From China to Turkey: The Uighurs in a Position of a New Asia’s Rising Force in the Global Jihad

12 January 2017; Siegfried O. Wolf

AFP PHOTO / HAIDAR HAMDANI (Photo credit should read HAIDAR HAMDANI/AFP/Getty Images)

On New Year’s Eve, Istanbul had to witness another major terrorist incident. The gunman who attacked a popular night club in the Turkish Metropole and murdered 39 people and severely injured many more, most likely belonged to the Uighurs, a Muslim community residing in China.[1] This became evident for the Turkish authorities, especially after they arrested numerous suspicious Uighurs in the aftermath of the bloody assault. Being a NATO member and a significant partner in the US-led coalition fighting ISIS (particularly in Syria), Turkey is getting increasingly identified by international terrorists who represent the main target in their Global Jihad.[2] As such, the experience with terrorist attacks at the Bosporus is nothing new.[3] Continue reading “From China to Turkey: The Uighurs in a Position of a New Asia’s Rising Force in the Global Jihad”

It’s Not Only about Illegal Migration & International Law: The Uighur Conundrum

21 July 2016; by Siegfried O. Wolf

Image by mike.benedetti

There is much media attention on Thailand’s latest deportation of more than 100 Uighur back to China, which was officially confirmed on 9 July 2015. The asylum seekers which entered the South East Asian country illegally got subsequently detained by the Thai immigration authorities and held in custody for over a year. In order to find a solution, the Royal Thai government finally decided to hand them over to China ‘under the agreement that their safety is guaranteed according to humanitarian principles’. Nevertheless, Bangkok had to face immense criticism by the international community, especially through human rights organisations and the United Nations. UNHCR’s Assistant High Commissioner for Protection, Volker Türk, proclaimed he is considering the deportation of the Uighurs as ‘a flagrant violation of international law’. Additionally, in several countries such as Turkey and Germany, remarkable protests broke out not only to express solidarity with the Uighurs but also to formulate grievances about the manner in which deportation was carried out.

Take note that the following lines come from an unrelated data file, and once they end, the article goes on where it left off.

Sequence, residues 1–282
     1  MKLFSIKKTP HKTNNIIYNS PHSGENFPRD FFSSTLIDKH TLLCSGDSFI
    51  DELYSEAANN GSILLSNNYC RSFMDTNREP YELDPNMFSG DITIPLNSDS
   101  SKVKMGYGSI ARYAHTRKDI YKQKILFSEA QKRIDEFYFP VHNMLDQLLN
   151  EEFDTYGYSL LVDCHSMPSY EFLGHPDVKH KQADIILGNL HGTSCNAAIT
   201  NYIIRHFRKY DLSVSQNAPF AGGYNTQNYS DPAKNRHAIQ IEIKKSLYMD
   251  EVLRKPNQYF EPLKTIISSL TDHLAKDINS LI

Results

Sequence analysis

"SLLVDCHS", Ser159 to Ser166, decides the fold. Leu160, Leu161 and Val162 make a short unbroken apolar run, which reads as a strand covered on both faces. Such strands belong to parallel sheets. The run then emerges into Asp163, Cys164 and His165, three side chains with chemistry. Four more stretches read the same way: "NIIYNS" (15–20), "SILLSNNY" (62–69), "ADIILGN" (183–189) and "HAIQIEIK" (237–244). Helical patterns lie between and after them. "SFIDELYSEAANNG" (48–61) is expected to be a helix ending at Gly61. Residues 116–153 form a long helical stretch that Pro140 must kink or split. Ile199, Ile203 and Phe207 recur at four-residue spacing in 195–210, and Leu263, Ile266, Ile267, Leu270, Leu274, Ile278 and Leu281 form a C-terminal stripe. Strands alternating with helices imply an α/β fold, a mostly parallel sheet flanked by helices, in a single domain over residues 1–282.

Continue reading “It’s Not Only about Illegal Migration & International Law: The Uighur Conundrum”

Crackdown on Islamists: Bangladesh’s New Campaign against Jihadi Terror in Perspective

24 June 2016; by Siegfried O. Wolf

Earlier this month, Bangladesh’s security forces carried out a nationwide crackdown on radical Islamists in the country. The main part of the campaign ran over several days and included interventions by thousands of police and paramilitary personal, led to the arrest of more than 11,300 people.

Continue reading “Crackdown on Islamists: Bangladesh’s New Campaign against Jihadi Terror in Perspective”

Pakistan – Friend or Foe?

23 June 2016; Siegfried O. Wolf

The controversial German constitutional lawyer and political theorist Carl Schmitt (1888-1985) in his well-known work ‘The Concept of the Political’ promotes a clear distinction between “the friend” and the “foe”. This radical premise of a ‘friend-foe relationship is supposed to be the basis of all ‘political’ and should be applicable to all political actors. In other words, “whoever is not for us, is against us”. Continue reading “Pakistan – Friend or Foe?”

Hurting the Host: The Rationale of the Afghan Exodus

8 October 2015

Image by Marianna Karakoulaki

Afghanistan has experienced close to four decades of perpetual violence wars, political upheavals, and religious and ethnic clashes, resulting in millions of Afghans fleeing to neighbouring countries for protection. Facing the Soviet invasion after the Saur revolution and the ensuing civil conflict, between 1979 and the early 1990s approximately [1] six million escaped to Pakistan and Iran, marking the first exodus of Afghan refugees. Continue reading “Hurting the Host: The Rationale of the Afghan Exodus”